Mulberries vs Blueberries: How to Make the Choice for Your Garden
Related: Are Mulberries Safe for Dogs?
So, how do you choose between mulberries vs blueberries for your home garden?
Mulberries are the better choice for your garden if:
- You have plenty of space. Mulberries need 25 to 30 feet (8 to 10 meters) of their own in all directions.
- You live in a location that has occasional summer droughts. Mulberries stand up to dry, hot conditions well, although they don’t tolerate prolonged standing water.
- You have alkaline soil. Mulberries tolerate acidic soils, but they prefer neutral or alkaline soils.
- You don’t need to plant your mulberry tree near a driveway, sidewalk, or stone walking path in your garden. Mulberry fruit stains badly, and would have to be power washed off concrete.
Mulberry limbs are brittle. They tend to break off in high winds, carrying their fruit with them. This makes a mulberry tree a good choice to plant next to a chicken run, offering your chickens an additional nutritious treat when limbs fall.
A single mulberry tree can produce up to 10 bushels (350 liters) of fruit, more than enough for you, your neighbors, your chickens, and passing birds. Mulberries come in over a two- to four-week season in the late summer, giving you plenty of time to gather enough mulberries for your personal use. You can freeze any extra mulberries you have.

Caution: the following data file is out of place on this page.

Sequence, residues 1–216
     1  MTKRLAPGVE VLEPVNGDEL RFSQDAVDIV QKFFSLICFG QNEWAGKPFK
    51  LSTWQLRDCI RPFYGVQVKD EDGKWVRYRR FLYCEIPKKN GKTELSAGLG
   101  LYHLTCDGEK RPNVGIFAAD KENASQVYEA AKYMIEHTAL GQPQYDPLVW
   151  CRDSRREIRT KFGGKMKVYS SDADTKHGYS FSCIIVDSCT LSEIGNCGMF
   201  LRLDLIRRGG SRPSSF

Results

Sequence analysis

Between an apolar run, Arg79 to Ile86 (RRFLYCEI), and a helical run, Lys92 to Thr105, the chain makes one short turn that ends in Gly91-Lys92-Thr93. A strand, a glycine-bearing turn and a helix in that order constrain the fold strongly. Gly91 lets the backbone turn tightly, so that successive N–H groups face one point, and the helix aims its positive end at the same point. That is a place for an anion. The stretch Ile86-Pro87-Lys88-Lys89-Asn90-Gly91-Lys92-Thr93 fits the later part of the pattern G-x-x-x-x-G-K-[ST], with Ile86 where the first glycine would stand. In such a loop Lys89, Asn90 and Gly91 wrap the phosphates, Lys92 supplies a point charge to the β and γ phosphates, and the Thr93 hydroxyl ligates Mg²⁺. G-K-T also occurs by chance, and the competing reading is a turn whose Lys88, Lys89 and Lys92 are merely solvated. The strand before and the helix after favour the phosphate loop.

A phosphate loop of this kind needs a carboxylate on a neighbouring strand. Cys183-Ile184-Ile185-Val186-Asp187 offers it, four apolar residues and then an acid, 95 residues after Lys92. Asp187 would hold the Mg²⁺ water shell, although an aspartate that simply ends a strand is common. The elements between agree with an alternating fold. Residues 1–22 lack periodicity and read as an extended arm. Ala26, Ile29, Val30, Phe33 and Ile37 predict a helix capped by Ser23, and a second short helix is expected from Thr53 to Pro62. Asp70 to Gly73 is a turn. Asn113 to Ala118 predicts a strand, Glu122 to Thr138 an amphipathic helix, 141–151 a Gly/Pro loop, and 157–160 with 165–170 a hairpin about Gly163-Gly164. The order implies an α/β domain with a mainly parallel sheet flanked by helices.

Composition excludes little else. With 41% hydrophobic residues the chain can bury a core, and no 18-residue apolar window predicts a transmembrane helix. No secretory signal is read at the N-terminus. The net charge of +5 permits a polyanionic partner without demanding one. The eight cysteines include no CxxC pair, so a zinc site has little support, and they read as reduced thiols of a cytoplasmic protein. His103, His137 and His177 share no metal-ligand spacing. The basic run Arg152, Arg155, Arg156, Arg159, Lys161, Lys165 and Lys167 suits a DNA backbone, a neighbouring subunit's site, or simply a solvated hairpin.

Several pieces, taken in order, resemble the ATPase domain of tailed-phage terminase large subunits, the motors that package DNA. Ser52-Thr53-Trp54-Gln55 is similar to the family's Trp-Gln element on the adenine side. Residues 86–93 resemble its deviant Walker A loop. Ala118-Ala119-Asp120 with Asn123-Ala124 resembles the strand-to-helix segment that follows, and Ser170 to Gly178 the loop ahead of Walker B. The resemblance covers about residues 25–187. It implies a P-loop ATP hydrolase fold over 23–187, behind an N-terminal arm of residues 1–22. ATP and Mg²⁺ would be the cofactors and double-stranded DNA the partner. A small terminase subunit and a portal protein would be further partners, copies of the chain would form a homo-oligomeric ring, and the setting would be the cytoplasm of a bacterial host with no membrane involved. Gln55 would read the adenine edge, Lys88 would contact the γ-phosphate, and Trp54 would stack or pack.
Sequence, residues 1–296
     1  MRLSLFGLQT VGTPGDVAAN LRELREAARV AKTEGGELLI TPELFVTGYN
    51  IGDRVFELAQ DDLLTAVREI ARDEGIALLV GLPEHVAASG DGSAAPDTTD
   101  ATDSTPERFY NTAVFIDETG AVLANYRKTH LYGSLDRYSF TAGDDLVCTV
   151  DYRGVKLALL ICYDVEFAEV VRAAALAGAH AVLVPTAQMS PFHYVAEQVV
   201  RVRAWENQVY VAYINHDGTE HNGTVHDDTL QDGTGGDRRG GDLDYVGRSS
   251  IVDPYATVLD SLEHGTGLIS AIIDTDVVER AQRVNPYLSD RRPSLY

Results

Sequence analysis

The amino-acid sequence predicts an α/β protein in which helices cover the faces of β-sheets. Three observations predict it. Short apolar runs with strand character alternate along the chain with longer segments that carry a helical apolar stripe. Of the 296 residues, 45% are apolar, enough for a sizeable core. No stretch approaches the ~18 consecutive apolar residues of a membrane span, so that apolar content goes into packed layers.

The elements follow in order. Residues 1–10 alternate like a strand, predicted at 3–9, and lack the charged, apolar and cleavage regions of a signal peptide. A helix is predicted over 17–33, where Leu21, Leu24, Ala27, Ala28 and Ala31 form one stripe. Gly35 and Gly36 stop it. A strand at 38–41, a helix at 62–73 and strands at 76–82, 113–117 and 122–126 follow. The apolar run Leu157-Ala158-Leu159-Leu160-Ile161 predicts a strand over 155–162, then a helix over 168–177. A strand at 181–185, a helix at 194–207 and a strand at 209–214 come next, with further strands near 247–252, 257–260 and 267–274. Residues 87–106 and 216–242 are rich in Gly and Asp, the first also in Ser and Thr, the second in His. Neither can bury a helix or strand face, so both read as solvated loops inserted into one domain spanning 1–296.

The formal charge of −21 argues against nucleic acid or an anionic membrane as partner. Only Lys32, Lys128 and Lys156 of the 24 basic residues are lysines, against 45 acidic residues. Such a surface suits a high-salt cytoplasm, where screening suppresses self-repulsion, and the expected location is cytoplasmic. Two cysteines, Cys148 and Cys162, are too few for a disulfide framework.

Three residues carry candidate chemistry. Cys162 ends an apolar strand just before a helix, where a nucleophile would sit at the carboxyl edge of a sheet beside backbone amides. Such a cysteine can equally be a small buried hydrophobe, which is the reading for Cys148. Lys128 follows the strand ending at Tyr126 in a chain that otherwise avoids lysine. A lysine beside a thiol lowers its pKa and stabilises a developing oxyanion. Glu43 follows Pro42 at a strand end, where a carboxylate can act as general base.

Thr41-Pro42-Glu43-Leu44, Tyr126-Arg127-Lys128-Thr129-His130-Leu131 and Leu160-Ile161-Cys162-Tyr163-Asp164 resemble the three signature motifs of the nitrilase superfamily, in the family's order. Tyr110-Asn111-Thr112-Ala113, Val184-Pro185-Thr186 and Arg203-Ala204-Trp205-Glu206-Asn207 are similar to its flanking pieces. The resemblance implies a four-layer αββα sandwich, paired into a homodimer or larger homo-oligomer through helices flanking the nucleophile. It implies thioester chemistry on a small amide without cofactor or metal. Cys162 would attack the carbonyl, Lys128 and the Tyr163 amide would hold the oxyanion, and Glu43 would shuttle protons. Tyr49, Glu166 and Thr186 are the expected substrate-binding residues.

Plant white mulberries if you prefer sweet mulberries to eat fresh, or black or red mulberries if you plan to use them in tarts, pies, jellies, and jams.
Maine Organic Farmers and Gardeners offers a guide to planting and growing your own mulberries.
Blueberries are a better choice for your garden if:
- You have unusually acidic soil, with a pH as low as 4.2 up to 5.0.
- Your area never has summer droughts, or you can provide your blueberries with dependable drip irrigation.
- You want to plant enough berries to support wildlife, like birds, butterflies, squirrels, and animals that feed on the animals that feed on blueberries, like garter snakes.
- You have the time to pick blueberries every day and sort them for appropriate uses. Some blueberries are best eaten fresh. Some can be dried for “raisins.” Others are very tart and best kept for special purposes, like making juices, wine, and verjuices.
A single mature blueberry plant usually produces 5 to 7 pints (2 or 3 kilos) of berries every year. A variety known as the rabbiteye blueberry may produce up to 15 pints (6 kilos) of blueberries in a single season. If you have a great